thing in the God who made and ftill continucth the world, to 
bsthe life, and ftrcngth, and pleafurc ol my foul ? Vfal. 66. i. 
&c. Makf ajoyful mife unto God, aU ye Lands : fittg forth the 
honour of his Name •, ntaks his praifeglorioui : fay unto God, Hovp 
terrible aft thou in thy vpork^ .<*— »■ — Come and fee the tvorkj of 
God: He is terrible in bif doing towards the children of men. 
He ruleth by bis forcer for ever : hi* eyes behold the Na- 
tions : l(t not the rebellious exalt tbemfelves. blefs our God ye 
feofle, and mak^ the voice of his praife to he heard ! tvho holdetb 
our foul in life, and fuffereth not cur feet to be moved, Pfal. 86. 
S, 9, 10. Amorg the gods there is ttone likf unto thee, 
Lordf neither are there any tPorhs' li\i unto thy vporkj- 
A^ Nations tokom thou baji made fhaU come and tcorfljip before 
tbee, Lordf and (J-jaH glorifie thy Natfie : For thou art great^ 
anddoft vponderous things : thou art God alone, Pfal. 92. 5, 6. 
Lord bcn> great are thy rvorks ! thy thoughts are very deep, 
a bruitijh mank^ioppeib not, neither doth a foolutiderjiandthis. 
Faith doth not fepantc it felf from natural knowledge, nor 
negle6t Gods iVorks, while it fiudycth his Word-, but faith 
Ffal 143. 5. ImeditatecnaU thy fVork^s : I mufe on theivor}^ 
of thy hands. Pfal. 104. 24. Lord, how manifold are thy 
tforh^s ! iu wifdom haft tbou made them all : the earth is fuV of 
thy riches ; fo is the great andwide Sea^ &c. 

Nay, it is greatly to be noted, that as Redemption is to re- 
pair thcCreation, and the Redeemer came to recover the foul 
of man to his Crf/i«or, and Chrift is the ivay to the Father ; fo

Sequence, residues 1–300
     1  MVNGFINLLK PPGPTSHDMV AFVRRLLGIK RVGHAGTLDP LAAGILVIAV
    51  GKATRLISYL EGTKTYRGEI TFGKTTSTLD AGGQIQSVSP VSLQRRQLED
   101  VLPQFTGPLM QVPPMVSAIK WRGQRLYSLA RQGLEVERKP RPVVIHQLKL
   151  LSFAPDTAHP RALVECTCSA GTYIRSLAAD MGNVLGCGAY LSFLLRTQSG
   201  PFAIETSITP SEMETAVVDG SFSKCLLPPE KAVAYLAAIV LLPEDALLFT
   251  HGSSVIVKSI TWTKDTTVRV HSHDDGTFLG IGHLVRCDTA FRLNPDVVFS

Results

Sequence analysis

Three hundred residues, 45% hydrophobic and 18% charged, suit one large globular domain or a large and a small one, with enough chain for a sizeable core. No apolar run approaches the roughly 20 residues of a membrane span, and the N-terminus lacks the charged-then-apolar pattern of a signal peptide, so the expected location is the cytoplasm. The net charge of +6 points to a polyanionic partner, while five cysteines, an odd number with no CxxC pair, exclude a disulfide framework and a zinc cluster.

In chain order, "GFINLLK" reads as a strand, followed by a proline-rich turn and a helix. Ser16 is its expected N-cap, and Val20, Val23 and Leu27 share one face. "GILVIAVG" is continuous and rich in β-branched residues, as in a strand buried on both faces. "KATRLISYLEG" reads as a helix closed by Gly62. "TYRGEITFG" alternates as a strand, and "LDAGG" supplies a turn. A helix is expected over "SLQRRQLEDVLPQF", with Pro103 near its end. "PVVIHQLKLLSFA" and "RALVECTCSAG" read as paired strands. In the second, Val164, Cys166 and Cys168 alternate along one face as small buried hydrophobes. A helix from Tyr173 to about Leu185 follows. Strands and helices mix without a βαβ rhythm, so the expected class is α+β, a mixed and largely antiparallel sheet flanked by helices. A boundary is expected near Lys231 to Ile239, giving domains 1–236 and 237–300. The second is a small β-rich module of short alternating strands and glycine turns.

on the Lords day our commemoration of Redemption indudeth 
and is fubfcrvicnt to our commemoration of the Creation, and 
the work of the ancient Sabhath is not (hut out, but taken in 
with the proper work of the Lords day : and as Faith in Chrifi 
isamcdiategrace tocaufeinusthelitft/f o/G<7(ii fo the Word 
of the Rtdetmer doth not call off our thoughts from the 


The Life of Faith, . IF3 

Work^s of the great Creator, but call (hem back fo that employ- 
ment, and dt us for it by reconciling us to God. 

Therefore it is as fuitablc to the Gofpcl Church at leift, as 
it waste the Jcwifh, to make Gods r^orks the matter of our 
Sabbath praifes, and to fay, as Pfal. 145.4,5,10. One gene- 
ration Jha}} fraife thy tvork^ to another y and JhaO declare thy 
mighty aGs : I tvill jpeak^ of the gloriom honour of thy Majefiy^ 
and of thy tvondercuf tPork^s: And tnenJhaU fpeak^ of the might 

of thy terrible aQs, and I fill declare thy greatnefs ■ 

AUthyworkjjl^all praife thee Lord^ and thy Saints JhaU blefs 
thee^ Pfal. 26. 6,7. / rvill rvafh my bands in innocency^ and 
fo will I compafs thine Altar Lor d^ that I may puhlijh xritb 
the voice of thankjgiving, and tell of all thy tvonderous tvork/^ 
Pfal. 9. 12. I vpill praife thee Lord with my vcbole hearty I 
voill (hew forth all thy marvelous xvorkj. 

Diredl. 14. Let Faith alfo ohferveGod inhisdjily Provi- 
dence r ^ and equally honour him for the ordinary and the extra- 
ordinary paffages thereof. 

The upholding of the world is a continual caufing of it i 
and differcth from creation, as the continued (hining of a 
Candle doth from the firft lighting of if. If therefore the 
Creation do wonderfully declare the potver, and Wifdom, and 
Goodnefs oiGod i Co aUo doth the confervation. And note that 
Gods ordinary vporh^ arc as great dcmonllrations of him in all 
his pcrfcdions, as his extraordinary : Is it not as great a de- 
claration of the PopPer of God, that he caufe the Sun to (hinc, 
and to keep its wonderou* courfc from age to age, as if he 
did fuch a (hing but for a day or hour ^ and as if he caufed it 
to Hand Hill a day P And is it not as great a demonftration of 
his kjiotPledge alfo, and of his goodnefs ? Surely we (hould take 
it for as great an a^ of Loi/e, to have plenty, and health, and 
joy continued to us as long as we dclircd it, as for an hour. 
Let not then that duration and ordinarincfs of Gods manife- 
nations to us, which is their aggravation, be lookt upon as if 
it were their extenuation : But let us admire God in the 
Sun and Stars, in Sea and Land, as if this were the tiiil time 
that ever we had fcen them. 

And yet let the extraordiMomiefs of his'wQiks hayc its tffcdts 
. alfo ; T^b^uft^ is tp Air up (he dtowiie mind i^f man, to ice 
' ' ' ^ - . . .. ^^ 

,8;^ 7he Lije of Faith. 

God in that which is unufual, who is grown cullomary and